Every business claims a writeoff for some capital assets. Whether it's the building that houses the restaurant, the furniture, the fixtures or the equipment, the cost of these capital assets is usually recovered using a depreciation writeoff.
The tax rules allowing for the recovery of amounts spent for equipment do not match tax depreciation with economic depreciation. The writeoff period for newly acquired capital assets differs greatly between the period when the building, fixtures or equipment will contribute to profits and what our lawmakers label an asset's "useful" life.
In addition to shorter "useful life" writeoff periods, the tax rules encourage investment in business assets by allowing accelerated depreciation methods. Investment in business assets is further encouraged by allowing an expensing allowance or first-year writeoff of up to $100,000 of the cost of newly acquired equipment under Code Section 179. Remember, however, neither accelerated depreciation nor the first-year writeoff is mandatory.
While depreciation deductions need not be claimed, they do "accrue" and figure in the computation for gain or loss when property is sold, abandoned or otherwise disposed of.
It is also possible to ignore the standard system of depreciation, choosing instead a slower, more even writeoff such as the straight-line method. The IRS reportedly looks more closely at any restaurateur choosing an alternative depreciation method such as straight-line depreciation for newly acquired property rather than using the no-questions-asked modified asset cost recovery system (MACRS).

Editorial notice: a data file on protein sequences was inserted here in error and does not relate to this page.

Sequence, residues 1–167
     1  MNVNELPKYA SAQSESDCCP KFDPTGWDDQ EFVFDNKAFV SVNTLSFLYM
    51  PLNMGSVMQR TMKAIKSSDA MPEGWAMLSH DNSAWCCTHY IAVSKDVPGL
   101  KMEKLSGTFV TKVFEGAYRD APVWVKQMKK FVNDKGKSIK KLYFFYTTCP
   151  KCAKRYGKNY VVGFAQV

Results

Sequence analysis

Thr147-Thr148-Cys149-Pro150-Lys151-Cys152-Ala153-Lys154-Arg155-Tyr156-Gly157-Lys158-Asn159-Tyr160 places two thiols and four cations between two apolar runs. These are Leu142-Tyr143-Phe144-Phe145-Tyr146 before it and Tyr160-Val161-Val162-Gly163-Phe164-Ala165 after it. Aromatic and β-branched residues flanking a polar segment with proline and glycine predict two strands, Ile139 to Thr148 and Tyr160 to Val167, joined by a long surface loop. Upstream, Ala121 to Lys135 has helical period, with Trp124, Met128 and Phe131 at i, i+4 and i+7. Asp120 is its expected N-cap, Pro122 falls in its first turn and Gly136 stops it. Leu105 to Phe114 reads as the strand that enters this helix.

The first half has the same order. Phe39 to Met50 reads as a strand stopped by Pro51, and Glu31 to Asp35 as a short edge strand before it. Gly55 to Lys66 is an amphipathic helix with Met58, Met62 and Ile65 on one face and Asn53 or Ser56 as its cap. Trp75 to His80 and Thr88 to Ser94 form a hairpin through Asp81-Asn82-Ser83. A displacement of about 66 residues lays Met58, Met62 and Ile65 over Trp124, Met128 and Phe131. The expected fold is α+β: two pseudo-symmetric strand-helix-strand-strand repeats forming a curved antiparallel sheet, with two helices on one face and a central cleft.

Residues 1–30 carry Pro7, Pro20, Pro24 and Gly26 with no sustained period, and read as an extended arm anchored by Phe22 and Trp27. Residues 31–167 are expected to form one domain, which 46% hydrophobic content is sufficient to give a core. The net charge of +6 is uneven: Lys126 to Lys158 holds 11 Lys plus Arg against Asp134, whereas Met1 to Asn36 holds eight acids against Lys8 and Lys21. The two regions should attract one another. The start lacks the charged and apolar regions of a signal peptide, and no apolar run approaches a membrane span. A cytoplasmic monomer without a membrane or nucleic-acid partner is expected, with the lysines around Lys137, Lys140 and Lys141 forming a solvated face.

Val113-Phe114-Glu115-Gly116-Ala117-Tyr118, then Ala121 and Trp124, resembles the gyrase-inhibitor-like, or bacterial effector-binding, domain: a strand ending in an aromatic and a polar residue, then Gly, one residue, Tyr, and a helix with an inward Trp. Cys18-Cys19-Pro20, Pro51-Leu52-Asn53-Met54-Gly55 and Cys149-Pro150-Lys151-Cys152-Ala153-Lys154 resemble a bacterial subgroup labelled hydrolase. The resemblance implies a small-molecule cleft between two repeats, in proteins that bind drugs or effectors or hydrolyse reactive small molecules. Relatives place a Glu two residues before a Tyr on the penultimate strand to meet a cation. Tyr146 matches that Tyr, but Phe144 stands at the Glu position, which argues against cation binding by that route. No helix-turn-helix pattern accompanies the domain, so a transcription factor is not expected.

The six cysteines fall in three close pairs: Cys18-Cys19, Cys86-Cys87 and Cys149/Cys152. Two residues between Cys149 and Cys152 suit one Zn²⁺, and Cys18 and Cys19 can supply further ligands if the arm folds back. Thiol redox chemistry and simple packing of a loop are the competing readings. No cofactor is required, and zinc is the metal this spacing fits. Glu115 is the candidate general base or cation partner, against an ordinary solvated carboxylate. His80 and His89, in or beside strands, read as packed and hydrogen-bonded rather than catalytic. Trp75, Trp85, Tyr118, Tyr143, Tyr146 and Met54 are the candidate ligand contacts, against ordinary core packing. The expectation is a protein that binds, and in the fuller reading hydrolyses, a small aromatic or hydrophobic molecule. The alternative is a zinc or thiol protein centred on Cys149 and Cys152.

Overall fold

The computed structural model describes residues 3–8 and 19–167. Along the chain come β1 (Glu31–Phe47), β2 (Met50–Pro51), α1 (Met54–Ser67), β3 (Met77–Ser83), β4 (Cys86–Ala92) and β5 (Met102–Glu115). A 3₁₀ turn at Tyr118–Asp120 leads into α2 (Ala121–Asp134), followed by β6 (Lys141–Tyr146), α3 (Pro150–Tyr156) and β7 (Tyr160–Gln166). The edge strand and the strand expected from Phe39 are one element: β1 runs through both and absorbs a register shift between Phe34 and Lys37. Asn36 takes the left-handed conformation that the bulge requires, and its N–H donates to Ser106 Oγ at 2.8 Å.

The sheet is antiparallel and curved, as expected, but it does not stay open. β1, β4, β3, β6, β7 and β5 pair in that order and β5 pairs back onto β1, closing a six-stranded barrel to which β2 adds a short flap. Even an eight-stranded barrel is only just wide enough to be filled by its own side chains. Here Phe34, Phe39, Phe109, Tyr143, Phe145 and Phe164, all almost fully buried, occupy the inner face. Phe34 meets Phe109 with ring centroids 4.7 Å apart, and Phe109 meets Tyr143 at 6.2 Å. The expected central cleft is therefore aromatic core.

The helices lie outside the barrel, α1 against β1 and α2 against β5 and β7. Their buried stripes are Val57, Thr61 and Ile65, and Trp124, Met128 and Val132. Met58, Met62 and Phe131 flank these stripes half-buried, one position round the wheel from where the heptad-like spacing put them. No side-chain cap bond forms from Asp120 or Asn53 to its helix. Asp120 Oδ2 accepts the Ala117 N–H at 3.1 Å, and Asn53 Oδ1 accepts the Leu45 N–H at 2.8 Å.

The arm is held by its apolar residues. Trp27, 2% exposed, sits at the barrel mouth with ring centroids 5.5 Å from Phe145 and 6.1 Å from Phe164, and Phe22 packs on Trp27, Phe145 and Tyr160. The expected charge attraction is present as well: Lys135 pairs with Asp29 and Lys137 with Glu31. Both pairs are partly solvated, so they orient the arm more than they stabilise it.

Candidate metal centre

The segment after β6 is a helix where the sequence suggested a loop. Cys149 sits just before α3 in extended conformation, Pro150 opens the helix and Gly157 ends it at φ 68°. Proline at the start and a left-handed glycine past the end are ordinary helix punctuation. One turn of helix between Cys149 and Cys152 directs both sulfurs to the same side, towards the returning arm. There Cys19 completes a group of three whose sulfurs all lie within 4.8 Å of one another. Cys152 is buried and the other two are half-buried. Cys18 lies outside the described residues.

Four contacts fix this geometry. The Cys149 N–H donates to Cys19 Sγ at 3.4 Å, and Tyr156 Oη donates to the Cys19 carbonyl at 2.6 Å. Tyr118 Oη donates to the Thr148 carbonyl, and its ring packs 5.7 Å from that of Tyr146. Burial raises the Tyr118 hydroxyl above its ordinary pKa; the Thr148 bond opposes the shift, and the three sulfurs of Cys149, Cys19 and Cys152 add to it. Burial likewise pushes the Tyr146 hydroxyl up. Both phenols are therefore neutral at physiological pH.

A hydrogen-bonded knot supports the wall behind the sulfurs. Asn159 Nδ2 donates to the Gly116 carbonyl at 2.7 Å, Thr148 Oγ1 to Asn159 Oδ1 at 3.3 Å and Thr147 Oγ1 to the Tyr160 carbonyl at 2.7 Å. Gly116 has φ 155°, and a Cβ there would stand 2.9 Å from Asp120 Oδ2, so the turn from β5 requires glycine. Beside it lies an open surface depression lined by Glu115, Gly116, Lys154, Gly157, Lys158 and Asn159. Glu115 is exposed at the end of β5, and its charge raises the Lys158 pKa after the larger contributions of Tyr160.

Ignoring the Small Stuff
Although entitled to certain deductions, many operators don't take them because they fear it will increase the likelihood of an audit or because the paperwork and record-keeping are not worth the effort.
Despite special rules for smallwares, tracking small item purchases is often too time-consuming to be worth the trouble. Keep in mind, for many expenses such as travel, entertainment and the like, physical receipts are not required for amounts less than $75. Of course, a contemporaneous record is necessary to support a claimed deduction, including the standard mileage deduction.
Despite maintaining a legitimate home office, many ignore a home office deduction because of the impact a home office can have on the profits when the home is eventually sold. Generally, up to $250,000 ($500,000 for those filing jointly) of gain on the sale of a principal residence used as such for at least two of the five years preceding the sale may be ignored for tax purposes.